- US: Advance Trade & Inventories (Feb)
- Sweden: Retail Trade, PPI, International Trade (Feb); Iceland: CPI (Mar)
- Turkey: International Reserves (Feb); Mauritius: Wage Rate Index, LFS (Q4); Saudi Arabia: Non-Oil Foreign Trade (Jan); Palestine: BOP (Q4); UAE: Fuel Prices (Apr); Israel: Construction Starts & Completions (Q4); South Africa: Construction Survey (Q1); Tanzania: Trade (Q4)
- Brazil: PPI (Feb)
- more updates...
Economy in Brief
Texas Factory Sector Activity Remains Strong
The Dallas Fed indicated in its Texas Manufacturing Outlook Survey that the General Business Activity Index eased during March...
EMU Money and Credit Growth Are Less Than Impressive Than Euro-PMIs
EMU nominal money supply growth is slightly higher over three months, but credit growth in the EMU is slower...
Durable Goods Orders Strengthened by Another Jump in Aircraft
New orders for durable goods rose 1.7% (5.0% y/y) during February...
Correction to Unemployment Insurance Weekly Claims
The Department of Labor has issued a correction to yesterday's annual revision to seasonally adjusted weekly unemployment claims...
EMU PMIs Are Off to the Races...Farewell Mediocrity?
The PMI rankings for the manufacturing and service sector PMIs in the EMU are suddenly off the chart...
U.S. New Home Sales Improve While Prices Decline
Sales of new single-family homes increased 6.1% (12.8% y/y) during February to 592,000 units (AR)...
by Tom Moeller March 8, 2016
The National Federation of Independent Business reported that its Small Business Optimism Index declined 1.1% during February to 92.9 following a 1.4% January fall. It was the lowest level since February 2014. According to the NFIB, the February level remained below the 42-year average of 98.
The percentage of firms expecting higher real sales in six months fell sharply to zero. As for business activity, 8% of firms reported that now was a good time to expand the business, equaling the June 2014 low. The percentage of firms expecting the economy to improve held at -21, down from +12 in December 2014.
A lessened 10% of firms expected to increase employment and a 42% of respondents found few or no qualified candidates to fill job openings, the least since March 2015. Twenty-eight percent of firms had positions they were not able to fill right now, up from 9% in 2009. A lessened net 22% of firms raised worker compensation over the last twelve months, and a sharply lower 12% were expecting to raise it in the next three months, the least since August.
Small businesses' ability to improve pricing remained under pressure. Four percent of firms were lowering prices; twelve percent were raising them in July of 2014. Expectations about the ability to raise prices also deteriorated. A lessened 14% of firms were planning to raise prices, a five-month low.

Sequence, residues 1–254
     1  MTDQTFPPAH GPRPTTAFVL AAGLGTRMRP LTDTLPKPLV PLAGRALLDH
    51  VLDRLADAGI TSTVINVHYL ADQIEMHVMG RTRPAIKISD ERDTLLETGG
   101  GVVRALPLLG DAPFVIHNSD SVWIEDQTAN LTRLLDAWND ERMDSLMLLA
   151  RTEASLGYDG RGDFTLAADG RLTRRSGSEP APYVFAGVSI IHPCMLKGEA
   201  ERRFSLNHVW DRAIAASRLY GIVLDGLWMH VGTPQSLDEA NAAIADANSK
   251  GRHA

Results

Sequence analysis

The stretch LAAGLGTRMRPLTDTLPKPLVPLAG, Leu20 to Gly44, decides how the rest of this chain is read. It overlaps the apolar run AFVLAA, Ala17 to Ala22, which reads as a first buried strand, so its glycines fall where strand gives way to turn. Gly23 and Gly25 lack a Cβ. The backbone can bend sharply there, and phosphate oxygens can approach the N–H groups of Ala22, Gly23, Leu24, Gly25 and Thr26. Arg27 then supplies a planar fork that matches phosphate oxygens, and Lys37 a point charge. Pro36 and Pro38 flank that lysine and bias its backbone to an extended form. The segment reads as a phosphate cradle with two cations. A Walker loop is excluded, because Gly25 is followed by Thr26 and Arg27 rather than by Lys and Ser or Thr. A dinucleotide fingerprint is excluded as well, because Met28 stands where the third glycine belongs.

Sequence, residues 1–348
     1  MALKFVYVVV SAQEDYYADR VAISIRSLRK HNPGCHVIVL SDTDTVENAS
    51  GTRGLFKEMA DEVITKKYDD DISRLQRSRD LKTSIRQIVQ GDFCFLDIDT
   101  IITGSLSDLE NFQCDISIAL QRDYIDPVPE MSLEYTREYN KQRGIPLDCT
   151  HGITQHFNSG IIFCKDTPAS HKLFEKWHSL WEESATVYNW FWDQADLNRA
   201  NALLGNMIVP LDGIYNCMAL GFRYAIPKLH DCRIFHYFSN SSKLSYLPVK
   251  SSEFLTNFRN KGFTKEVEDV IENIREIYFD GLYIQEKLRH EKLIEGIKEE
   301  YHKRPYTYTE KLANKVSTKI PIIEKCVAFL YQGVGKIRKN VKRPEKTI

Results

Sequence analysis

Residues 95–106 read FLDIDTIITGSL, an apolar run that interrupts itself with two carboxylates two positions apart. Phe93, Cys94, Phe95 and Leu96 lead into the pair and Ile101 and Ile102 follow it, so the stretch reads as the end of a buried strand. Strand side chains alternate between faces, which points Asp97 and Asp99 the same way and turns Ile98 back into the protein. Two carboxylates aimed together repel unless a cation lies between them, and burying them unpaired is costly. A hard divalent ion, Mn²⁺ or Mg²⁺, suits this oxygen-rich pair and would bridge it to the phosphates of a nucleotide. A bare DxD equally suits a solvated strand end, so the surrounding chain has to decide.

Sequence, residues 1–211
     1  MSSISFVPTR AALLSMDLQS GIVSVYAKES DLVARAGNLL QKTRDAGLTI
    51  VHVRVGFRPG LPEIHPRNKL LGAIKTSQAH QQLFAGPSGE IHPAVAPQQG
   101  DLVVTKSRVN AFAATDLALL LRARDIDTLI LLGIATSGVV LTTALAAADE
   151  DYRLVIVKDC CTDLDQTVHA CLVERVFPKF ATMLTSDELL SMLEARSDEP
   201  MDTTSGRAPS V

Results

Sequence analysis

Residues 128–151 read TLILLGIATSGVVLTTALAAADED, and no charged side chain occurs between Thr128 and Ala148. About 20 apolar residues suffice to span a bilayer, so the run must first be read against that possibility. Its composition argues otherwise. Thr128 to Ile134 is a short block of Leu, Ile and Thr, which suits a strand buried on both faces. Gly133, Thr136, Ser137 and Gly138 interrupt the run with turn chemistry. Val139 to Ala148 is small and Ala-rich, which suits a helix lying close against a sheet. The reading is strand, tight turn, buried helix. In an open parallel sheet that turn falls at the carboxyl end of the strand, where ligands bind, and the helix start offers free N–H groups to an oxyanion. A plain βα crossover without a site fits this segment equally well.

Credit was more difficult to get as 5% reported trouble, up from 3% at the low. A sharply lower 31% percent of firms felt satisfied that their borrowing needs had been filled in the last three months.
A reduced 21% of firms indicated that taxes were the single most important problem while 19% reported government requirements were the largest single problem. A lessened 12% felt challenged by the quality of labor. An increased 10% reported insurance cost & availability as the largest problem, but a fairly steady 11% indicated poor sales as their biggest problem. An easier 8 percent reported competition from large businesses as the largest problem. A greatly increased 7% reported the cost of labor was the biggest problem, and inflation was indicated by a slightly higher 3% of respondents.
Roughly 24 million small businesses exist in the U.S. and they create 80% of all new jobs. The typical NFIB member employs 10 people and reports gross sales of about $500,000 a year. The NFIB figures can be found in Haver's SURVEYS database.
Reflections on Macroeconomics Then and Now is the title of Fed Vice Chairman Stanley Fischer's speech and it can be found here.
|National Federation of Independent Business (SA, Net %)||Feb||Jan||Dec||Feb'15||2015||2014||2013|
|Small Business Optimism Index (1986=100)||92.9||93.9||95.2||98.2||96.1||95.6||92.4|
|Firms Reporting Now is a Good Time To Expand the Business||8||10||8||13||11||10||7|
|Firms Expecting Higher Real Sales In Six Months||0||3||7||14||8||11||4|
|Firms Expecting Economy To Improve||-21||-21||-15||2||-5||-5||-15|
|Firms Planning to Increase Employment||10||11||15||12||12||10||6|
|Firms With Few or No Qualified Applicants For Job Openings||42||45||48||47||46||43||39|
|Firms Reporting That Credit Was Harder To Get||5||5||5||3||4||6||6|
|Firms Raising Average Selling Prices||-4||-4||-1||3||2||8||2|